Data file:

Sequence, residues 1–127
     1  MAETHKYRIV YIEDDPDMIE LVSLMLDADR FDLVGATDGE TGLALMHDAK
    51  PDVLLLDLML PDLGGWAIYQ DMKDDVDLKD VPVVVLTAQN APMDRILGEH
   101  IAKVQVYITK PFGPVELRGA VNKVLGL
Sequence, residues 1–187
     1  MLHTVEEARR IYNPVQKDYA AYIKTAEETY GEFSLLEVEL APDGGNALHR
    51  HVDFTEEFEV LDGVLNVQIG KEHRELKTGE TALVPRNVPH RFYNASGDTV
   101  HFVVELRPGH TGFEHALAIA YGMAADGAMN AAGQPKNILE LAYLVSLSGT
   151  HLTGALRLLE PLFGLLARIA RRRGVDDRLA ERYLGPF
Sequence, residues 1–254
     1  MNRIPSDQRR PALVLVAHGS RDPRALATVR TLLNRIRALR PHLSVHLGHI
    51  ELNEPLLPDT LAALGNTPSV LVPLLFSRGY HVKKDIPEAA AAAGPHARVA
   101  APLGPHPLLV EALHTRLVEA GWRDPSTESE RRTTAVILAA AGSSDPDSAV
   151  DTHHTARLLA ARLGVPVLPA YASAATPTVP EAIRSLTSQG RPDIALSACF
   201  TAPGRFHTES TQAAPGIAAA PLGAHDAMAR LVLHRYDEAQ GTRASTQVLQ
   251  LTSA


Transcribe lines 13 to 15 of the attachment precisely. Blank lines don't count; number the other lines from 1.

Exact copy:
   101  APLGPHPLLV EALHTRLVEA GWRDPSTESE RRTTAVILAA AGSSDPDSAV
   151  DTHHTARLLA ARLGVPVLPA YASAATPTVP EAIRSLTSQG RPDIALSACF
   201  TAPGRFHTES TQAAPGIAAA PLGAHDAMAR LVLHRYDEAQ GTRASTQVLQ